10 Surprising Ways to Keep Your Bag Safe on the Go

10 Surprising Ways to Keep Your Bag Safe on the Go

Written by Caila Ball-Dionne on

Caila Ball-Dionne is a freelance writer and full-time travel enthusiast. You can find more of her writing at CailaBall.com.

10 Surprising Ways to Keep Your Bag Safe on the Go

10 Surprising Ways to Keep Your Bag Safe on the Go

A stolen or lost piece of luggage can easily ruin your vacation. Keep your suitcase secure with these travel safety tips

No matter how wonderful your vacation is, a bout of travel theft is sure to bring you down. Sightseeing just isn’t as enjoyable when you’re on the lookout for whoever stole your bag, and souvenir shopping lacks a certain something without—you know—money. Prevent theft or bag loss with these top ten tips on protecting your belongings and ensuring that your vacation fun goes uninterrupted!


At Airport Security

Sometimes, the best way to keep your valuables safe is to hide them in plain site. Store small valuables (such as jewelry) in a clear bag, and announce to the TSA agent that you are putting it through security when you put it on the belt. By drawing attention to your valuables for the brief time that they are out of your hands, you will send a message to security—and potential airport thieves—that you have an eye on them.

On a Flight

If you plan to sleep on a flight, or if you plan on taking your eyes off your carry-on bags for even a moment, a fellow passenger could help himself to your bag’s contents. While the risk of theft is lower on a plane than it is on a bus or train, it’s still important to keep both your ID and credit card on you throughout the flight. A neck wallet or money belt worn under the clothes will keep your items safe even when you sleep.

On a bus or train

Always keep in mind that every time a fellow passenger gets off at a bus or train stop, your items could be going with him. Although the overhead rack is safe if you're keeping a close eye on it throughout your journey, the safest bet is to use your pack as a footrest with the strap looped around your foot, or as a (very lumpy) pillow.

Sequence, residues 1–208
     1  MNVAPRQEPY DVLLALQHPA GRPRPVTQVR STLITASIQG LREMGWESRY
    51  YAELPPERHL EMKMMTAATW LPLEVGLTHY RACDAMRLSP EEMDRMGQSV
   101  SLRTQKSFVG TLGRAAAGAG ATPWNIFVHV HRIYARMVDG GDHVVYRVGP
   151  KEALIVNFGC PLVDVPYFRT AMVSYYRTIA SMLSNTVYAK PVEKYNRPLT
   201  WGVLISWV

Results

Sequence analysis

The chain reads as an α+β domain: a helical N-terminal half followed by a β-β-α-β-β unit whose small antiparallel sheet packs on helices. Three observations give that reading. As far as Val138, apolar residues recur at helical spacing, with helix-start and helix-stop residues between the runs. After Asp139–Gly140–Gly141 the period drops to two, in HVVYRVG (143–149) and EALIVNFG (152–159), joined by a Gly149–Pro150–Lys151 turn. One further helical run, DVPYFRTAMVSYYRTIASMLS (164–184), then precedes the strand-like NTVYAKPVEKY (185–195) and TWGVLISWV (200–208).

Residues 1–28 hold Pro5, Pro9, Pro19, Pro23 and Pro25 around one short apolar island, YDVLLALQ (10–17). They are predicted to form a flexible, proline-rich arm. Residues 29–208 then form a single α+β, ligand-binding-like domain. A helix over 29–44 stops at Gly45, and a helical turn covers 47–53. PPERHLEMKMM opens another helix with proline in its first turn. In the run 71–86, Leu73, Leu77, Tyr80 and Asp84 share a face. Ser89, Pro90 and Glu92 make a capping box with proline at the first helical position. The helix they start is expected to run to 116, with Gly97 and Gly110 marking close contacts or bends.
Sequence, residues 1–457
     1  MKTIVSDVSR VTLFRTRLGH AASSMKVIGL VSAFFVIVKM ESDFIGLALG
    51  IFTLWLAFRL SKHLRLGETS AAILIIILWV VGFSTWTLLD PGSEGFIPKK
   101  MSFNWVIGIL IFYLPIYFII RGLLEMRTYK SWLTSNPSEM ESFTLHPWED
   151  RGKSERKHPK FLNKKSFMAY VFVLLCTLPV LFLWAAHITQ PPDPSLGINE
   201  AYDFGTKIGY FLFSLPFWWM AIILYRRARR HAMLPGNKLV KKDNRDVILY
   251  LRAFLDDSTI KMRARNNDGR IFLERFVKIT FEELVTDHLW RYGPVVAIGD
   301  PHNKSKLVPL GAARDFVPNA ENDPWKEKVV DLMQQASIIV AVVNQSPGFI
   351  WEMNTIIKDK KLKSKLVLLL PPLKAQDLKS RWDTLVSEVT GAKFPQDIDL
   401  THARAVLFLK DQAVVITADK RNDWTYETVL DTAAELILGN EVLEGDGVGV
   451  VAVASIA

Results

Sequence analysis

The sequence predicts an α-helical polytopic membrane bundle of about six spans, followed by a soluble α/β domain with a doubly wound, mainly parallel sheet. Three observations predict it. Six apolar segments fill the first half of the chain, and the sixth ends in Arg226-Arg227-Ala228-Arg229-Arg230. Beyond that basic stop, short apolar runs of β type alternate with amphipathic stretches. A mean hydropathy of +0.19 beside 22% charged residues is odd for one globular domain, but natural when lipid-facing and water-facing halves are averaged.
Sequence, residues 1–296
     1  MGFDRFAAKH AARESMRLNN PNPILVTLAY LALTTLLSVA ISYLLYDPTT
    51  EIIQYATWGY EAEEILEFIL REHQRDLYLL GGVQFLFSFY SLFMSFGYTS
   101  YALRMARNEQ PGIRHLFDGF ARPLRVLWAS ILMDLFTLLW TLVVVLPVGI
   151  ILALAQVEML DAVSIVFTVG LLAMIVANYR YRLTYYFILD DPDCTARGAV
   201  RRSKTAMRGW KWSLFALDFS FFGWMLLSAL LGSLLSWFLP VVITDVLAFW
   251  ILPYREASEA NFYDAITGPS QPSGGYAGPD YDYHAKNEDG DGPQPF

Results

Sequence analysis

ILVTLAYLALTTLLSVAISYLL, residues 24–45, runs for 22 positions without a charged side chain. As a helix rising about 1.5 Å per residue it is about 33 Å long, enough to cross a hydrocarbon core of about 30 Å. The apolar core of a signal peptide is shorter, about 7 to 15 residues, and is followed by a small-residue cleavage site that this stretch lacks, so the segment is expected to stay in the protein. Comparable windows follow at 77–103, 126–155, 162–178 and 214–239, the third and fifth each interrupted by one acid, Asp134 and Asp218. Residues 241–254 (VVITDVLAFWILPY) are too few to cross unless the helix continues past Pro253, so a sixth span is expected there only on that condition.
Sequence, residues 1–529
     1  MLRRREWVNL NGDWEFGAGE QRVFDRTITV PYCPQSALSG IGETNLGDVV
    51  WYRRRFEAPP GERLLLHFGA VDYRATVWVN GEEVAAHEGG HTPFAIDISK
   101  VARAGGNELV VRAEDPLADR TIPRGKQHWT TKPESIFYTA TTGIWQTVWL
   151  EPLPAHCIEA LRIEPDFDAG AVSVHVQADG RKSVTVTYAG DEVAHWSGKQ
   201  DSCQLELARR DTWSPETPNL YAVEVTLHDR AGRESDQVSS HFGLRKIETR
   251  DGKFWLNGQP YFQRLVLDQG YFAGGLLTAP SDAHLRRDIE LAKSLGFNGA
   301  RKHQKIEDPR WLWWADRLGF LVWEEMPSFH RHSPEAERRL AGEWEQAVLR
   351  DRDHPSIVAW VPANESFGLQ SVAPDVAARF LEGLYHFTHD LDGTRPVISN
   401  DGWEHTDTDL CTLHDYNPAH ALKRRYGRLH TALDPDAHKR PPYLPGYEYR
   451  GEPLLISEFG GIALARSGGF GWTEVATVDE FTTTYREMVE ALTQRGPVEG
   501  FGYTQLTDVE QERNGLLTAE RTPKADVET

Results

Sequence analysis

At a hostel

Protect your items from fellow travelers. Leave items at the front desk and be sure to get a receipt for any items left there. Both hostels and hotels are unlikely to insure items that are left in your room (even in the safes!), so the front desk is ideal.

In a hotel

You’ve already used the hotel safe for your valuables, but want to secure your larger items as well? Put up the “Do Not Disturb” sign on your door when you leave for the day. This will indicate to potential thieves that you are in the room, which will (hopefully) prompt them to move on.

On a day trip

If your luggage lock is otherwise occupied—perhaps it's keeping your larger luggage safe at the hotel—you can still secure your daypack. Pack a handful of zip ties, and use them to secure zippers when you’re out and about. These disposable ties can be cut when you need to access your bag—just make sure to bring a pocketknife if your day trip takes you away from friendly shopkeepers who will lend out scissors.

On a subway

With tourists and locals packed together like sardines, the subway is a prime spot for pickpockets to easily walk away with your valuables. Fool these swindlers at their own game by packing a decoy wallet with a couple loose dollars and no other important documents. Keep your actual valuables around your neck or in a hidden pocket.

Touring a city

Motorbike theft is surprisingly real! Prevent a Vespa-assisted thief from grabbing your shoulder bag by walking against traffic. If you can see the motor-criminal coming at you, you can (literally) sidestep this oh-so-European loss.

In a cab

No matter how sleepy your flight has left you, don’t let your friendly cab driver— or anyone, really—load your bags into the cab. Keep them in hand for the extra 30 seconds that it takes to load them yourself, and use the taxi’s trunk only if there is no way to fit your items next to you.

In a car

Whether you're in a rental car or your own wheels, it’s best not to leave anything unattended in your vehicle. Yes, this includes leaving items in the trunk as well. If you must leave items in your car, stow them in advance in the trunk when you leave your origin, not when you get to your destination, so at least their not visible to those who pass by.

While Eagle Creek is here to provide tips and insights on travel, we cannot accept any responsibility for any potential consequences arising from the use of this information. Always conduct your own research and use your best judgment.